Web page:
Most preferably, the orifice 43 is operated in the so-called critical regime where the flow F is substantially independent of the downstream pressure P2. When gas flows through a nozzle or orifice, the flow depends on the pressure differential across the orifice only up to a certain point. If the upstream pressure is held constant and the pressure at the discharge end is decreased, the flow of gas will increase up to a critical value. Beyond this point further decrease in the downstream pressure causes inflow. This is the critical flow condition.
When air flows through a nozzle, the critical condition is obtained if the upstream pressure is approximately two or more times the downstream pressure. The equation for critical flow through a nozzle is: ##EQU1## where q is the mass rate of flow of the gas, C is a discharge coefficient, A is the cross-sectional area of the nozzle throat, p is the upstream static pressure of the gas, K is a dimensional coefficient involving the gas constant, M is the molecular weight of the gas, T is the absolute temperature of the gas upstream, and U is a constant that is characteristic of the gas equal to k 2(k+1)!8, in which k is the ratio of specific heats (Cp /Cv) and s=(k+1)/(k-1).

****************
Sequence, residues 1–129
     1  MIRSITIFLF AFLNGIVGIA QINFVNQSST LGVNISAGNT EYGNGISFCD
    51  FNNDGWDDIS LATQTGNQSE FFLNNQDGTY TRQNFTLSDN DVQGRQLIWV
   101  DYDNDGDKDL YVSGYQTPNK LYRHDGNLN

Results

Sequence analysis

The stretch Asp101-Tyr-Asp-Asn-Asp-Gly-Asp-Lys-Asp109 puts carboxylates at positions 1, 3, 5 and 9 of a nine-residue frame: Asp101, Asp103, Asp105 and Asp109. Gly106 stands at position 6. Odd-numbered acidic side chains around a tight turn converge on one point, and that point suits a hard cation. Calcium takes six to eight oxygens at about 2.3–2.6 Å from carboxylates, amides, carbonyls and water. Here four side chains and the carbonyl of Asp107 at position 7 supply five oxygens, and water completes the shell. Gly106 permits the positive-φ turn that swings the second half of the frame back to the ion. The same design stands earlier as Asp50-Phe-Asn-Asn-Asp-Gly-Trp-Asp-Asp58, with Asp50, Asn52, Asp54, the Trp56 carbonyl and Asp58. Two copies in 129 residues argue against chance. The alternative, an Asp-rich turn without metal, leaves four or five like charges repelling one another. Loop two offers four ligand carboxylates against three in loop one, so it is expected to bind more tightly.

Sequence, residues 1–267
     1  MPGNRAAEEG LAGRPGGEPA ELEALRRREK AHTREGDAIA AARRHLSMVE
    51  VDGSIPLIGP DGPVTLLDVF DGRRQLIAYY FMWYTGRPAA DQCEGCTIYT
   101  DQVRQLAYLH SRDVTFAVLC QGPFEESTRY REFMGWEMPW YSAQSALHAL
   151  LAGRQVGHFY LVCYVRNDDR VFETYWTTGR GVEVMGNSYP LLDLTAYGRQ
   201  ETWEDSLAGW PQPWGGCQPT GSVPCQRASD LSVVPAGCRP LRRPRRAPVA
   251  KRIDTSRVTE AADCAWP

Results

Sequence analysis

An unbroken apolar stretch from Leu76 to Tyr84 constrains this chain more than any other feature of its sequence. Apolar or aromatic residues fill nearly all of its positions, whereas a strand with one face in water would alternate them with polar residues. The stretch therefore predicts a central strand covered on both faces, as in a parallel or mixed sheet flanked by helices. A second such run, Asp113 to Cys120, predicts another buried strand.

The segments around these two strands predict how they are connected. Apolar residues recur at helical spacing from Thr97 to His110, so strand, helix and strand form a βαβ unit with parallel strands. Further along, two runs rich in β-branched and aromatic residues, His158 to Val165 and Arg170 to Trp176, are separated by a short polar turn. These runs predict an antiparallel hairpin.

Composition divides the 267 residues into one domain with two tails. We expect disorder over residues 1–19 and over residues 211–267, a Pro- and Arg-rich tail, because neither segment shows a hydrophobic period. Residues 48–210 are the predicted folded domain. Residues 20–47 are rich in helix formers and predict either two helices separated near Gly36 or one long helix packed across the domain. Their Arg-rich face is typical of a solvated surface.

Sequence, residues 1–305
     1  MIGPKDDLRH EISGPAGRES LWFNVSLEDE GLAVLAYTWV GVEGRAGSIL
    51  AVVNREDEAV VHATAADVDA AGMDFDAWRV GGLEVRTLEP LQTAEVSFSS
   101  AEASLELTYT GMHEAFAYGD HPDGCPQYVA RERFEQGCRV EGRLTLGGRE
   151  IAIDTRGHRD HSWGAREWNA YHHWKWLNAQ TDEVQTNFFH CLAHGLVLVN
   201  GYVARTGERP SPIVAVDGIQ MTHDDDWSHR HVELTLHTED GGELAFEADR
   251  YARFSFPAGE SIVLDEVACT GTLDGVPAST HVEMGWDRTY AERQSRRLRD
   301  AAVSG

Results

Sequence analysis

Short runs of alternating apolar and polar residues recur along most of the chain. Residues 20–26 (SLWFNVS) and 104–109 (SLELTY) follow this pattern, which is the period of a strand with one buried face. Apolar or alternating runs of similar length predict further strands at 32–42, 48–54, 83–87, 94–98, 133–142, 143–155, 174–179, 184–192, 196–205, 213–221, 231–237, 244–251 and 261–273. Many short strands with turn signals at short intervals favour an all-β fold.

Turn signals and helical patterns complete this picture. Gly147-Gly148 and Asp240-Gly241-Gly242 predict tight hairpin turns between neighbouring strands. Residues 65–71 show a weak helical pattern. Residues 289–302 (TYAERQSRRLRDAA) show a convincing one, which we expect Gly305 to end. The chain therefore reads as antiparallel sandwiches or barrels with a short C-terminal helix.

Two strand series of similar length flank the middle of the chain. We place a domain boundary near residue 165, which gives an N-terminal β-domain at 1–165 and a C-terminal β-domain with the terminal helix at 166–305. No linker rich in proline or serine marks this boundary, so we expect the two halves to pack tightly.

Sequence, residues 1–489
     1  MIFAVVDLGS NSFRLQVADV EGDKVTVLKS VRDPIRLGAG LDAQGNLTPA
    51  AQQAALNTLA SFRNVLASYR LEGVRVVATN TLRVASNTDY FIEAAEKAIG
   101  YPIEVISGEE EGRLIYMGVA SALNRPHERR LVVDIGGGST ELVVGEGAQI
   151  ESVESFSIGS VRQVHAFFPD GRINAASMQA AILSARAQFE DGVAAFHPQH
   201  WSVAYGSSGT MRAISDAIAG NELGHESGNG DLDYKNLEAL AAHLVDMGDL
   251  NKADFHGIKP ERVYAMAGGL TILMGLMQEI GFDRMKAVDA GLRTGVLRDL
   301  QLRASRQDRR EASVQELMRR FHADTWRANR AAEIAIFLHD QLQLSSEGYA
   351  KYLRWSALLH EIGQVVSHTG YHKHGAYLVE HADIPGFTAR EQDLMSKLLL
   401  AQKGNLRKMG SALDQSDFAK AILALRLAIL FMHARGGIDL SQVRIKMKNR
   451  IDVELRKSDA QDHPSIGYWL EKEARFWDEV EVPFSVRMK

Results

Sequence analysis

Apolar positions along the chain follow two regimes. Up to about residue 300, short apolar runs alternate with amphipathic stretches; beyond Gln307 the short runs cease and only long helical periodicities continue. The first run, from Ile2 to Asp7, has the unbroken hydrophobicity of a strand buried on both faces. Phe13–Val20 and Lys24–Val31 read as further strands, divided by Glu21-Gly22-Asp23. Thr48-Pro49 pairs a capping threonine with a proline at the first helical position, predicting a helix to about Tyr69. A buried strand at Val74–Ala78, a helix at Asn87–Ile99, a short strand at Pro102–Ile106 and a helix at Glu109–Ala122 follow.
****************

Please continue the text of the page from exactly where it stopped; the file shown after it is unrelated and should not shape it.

For example, for air flow, this equation becomes: ##EQU2## where q is flow rate (lb/sec), C is discharge coefficient, p is pressure (psia), T is absolute temp (°K), and A is nozzle area (sq. in.). A more detailed description of critical orifice behavior is provided in an article by H. P. Grace and C. E. Lapple, "Discharge Coefficients of Small Diameter Orifices and Flow Nozzles," Trns. ASME, Vol. 73, p. 639, July 1951.
In the preferred gas phase NVR monitor 60, the orifice 43 is operated in the critical flow regime, adding substantial advantage to the process 32 by which the sample gas 56 is precooled. In particular, operating the orifice 43 in the critical flow regime allows the downstream pressure P2 to be adjusted independently of the flow F. As will be appreciated by those skilled in the art, P2 the pressure immediately above the SAW resonator 52 is related to the average residence time of a molecule in the chamber enclosing the SAW resonator 52: ##EQU3## where r is a unit of time, k is the Boltzman constant, and F is the flow rate in number of molecules per unit of time. The residence time R will influence the collection efficiency of the SAW resonator 52. For example, the residence time r should be adjusted such that the NVR molecule contacts the surface of the SAW resonator 52 a number of times such that the joint probability of "sticking" is near unity. Yet another significant advantage provided by the orifice 43 in a gas phase NVR monitor 60, is the minimal surface area presented to the gas 56 upon traversing into the volume V2 surrounding the SAW resonator 52. Thus, using an orifice 43 for temperature and flow control also reduces contamination problems during sample gas delivery.